The author of Epinomis extends the sentiment of astral piety evident in the Laws, and goes so far as to say that the highest virtue is piety, and that astronomy is the art/science that leads to this virtue (989b-990a) – for it teaches the orderliness of the celestial gods, harmony, and number. While Plato himself would never place the heavenly gods in direct control of a person’s destiny, the distinction between the fatalism of such a control measured by astrology and an astral piety that permitted some intervention of gods in human affairs was not sharply drawn. Does the care of the gods for “all things great and small” (epimeloumenoi pantôn, smikrôn kai meizonôn, 980d) mean that it is through their activities or motions they control, guide or occasionally intervene in human matters? While we do not yet see a clear distinction between astral piety and practical astrology, later texts on mystery cults, Gnosticism, Hermeticism, and magic demonstrate that someone who either worships stars, or is concerned with their ontological status, need not be technically proficient in astronomy. Nor must they believe that life is fated by astrally determined necessity. Likewise, the technical Hellenistic astrologers who calculated birth charts and made predictions did not necessarily practice rituals in reverence to planetary gods. While there is no clear evidence for a unified school in which technical astrologers were indoctrinated into both technique and theory of the craft, the fact that the Hellenistic techniques (barring the basic foundation of Babylonian astrology) had developed in a variety of conflicting ways speaks to the possibility of several schools of thought in theory, practice, and perhaps geographic distance. As each astrologer contributed their own techniques or variations on techniques, the technical material quickly multiplied, and students of astrology had many authoritative writers to follow. The most likely scenario is that the practicing astrologers possessed a variety of viewpoints about the life and ‘influence’ of the planets and stars, based on available cosmological views in religion and philosophy. While borrowing freely from Stoic, Pythagorean and Platonic thought, the astrologers who would soon emerge varied theoretically on issues such as which aspects of earthly existence may or may not be subject to Fate and the influence of the stars, and whether or not the soul is affected by celestial motions and relationships.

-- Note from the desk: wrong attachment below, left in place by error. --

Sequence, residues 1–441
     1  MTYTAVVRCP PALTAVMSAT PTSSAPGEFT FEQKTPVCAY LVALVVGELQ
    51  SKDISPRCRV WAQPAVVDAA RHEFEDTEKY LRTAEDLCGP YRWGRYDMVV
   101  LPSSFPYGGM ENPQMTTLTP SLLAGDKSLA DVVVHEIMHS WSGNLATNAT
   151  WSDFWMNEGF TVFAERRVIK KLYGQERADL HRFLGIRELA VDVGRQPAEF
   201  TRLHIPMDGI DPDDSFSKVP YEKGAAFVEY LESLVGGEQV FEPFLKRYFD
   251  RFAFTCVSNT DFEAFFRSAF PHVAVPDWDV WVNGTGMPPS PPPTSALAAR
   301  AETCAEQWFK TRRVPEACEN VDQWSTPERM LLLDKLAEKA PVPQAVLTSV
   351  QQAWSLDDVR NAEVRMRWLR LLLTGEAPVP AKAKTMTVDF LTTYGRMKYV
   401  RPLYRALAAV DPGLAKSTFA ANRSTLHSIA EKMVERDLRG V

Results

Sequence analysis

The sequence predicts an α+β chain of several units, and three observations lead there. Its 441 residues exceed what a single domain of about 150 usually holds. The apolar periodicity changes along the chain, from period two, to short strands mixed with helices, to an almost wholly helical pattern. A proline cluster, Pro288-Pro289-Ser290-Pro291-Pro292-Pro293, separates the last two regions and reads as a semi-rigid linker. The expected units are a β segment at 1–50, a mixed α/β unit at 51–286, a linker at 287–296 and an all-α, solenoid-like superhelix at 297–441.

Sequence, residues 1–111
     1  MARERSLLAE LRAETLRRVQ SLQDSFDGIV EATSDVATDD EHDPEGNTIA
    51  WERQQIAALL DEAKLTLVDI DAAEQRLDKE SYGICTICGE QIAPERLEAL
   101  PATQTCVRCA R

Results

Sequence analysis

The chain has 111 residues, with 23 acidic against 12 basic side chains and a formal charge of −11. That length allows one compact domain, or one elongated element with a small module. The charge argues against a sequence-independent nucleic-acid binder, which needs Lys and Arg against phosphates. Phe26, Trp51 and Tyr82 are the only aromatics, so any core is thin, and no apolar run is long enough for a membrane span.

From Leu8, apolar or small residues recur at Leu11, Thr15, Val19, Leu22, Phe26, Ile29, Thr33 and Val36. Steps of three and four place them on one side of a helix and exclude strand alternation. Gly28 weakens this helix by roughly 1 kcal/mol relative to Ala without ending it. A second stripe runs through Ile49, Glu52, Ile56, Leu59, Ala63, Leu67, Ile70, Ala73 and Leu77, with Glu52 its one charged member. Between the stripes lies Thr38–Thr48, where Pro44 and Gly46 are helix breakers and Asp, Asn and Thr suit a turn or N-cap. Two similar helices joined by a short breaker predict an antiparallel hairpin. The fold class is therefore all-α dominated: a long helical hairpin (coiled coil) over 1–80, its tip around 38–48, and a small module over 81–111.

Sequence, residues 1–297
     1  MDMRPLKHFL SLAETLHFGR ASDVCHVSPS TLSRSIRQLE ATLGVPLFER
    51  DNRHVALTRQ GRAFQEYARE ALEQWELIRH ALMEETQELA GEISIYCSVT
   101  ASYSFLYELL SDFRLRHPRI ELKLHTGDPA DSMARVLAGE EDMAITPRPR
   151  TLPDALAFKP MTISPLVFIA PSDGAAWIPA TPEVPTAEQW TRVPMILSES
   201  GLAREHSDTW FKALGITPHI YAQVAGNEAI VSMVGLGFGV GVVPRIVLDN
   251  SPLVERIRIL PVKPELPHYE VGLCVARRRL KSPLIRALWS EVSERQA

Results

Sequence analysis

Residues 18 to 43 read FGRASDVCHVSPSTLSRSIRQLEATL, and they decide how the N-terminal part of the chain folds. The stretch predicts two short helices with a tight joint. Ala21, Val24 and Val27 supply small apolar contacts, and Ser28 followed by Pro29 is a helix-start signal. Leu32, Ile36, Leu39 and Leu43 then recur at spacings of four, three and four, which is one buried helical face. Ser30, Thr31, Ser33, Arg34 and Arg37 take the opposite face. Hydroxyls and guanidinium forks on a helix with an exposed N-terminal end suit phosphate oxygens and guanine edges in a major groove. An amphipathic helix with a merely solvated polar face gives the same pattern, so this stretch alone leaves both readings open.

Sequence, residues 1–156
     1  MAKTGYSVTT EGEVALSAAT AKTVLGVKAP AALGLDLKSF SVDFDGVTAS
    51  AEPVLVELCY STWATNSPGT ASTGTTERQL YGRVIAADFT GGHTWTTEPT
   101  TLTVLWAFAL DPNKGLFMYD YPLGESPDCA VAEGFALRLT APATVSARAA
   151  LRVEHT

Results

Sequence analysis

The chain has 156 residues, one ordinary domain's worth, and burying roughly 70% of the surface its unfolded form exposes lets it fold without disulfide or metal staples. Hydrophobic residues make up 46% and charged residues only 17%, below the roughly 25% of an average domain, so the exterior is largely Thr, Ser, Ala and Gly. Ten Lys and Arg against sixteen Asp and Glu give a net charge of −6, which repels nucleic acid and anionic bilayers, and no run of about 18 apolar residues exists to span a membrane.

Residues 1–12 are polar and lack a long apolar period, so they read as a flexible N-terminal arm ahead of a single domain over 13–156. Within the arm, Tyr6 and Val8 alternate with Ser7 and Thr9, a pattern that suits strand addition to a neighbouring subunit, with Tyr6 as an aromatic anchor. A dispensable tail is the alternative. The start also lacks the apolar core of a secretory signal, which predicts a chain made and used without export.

b. Stoic Cosmic Determinism
Although the founder of Stoicism, Zeno of Citium, integrated fate into the system of physics, the first Stoic to write a treatise On Fate (Peri heimarmenês) is Chrysippus of Soli (280-207 B.C.E.). Xenocrates and Epicurus both penned lost works of the same title prior to his (Diog. Laert., 4.12; 10.28). Given the influence of Xenocrates on the Stoa on matters as important as oikeôisis, there is no reason to think that all of the issues of fate and freedom discussed by Chrysippus originate with him. Later Stoics such as Boethus, Posidonius and Philopator, dedicated works to fate, a topic that would become a critical issue for all Hellenistic schools of thought. The development of Hellenistic astrology is placed in the context of these theories.
i. Fate and Necessity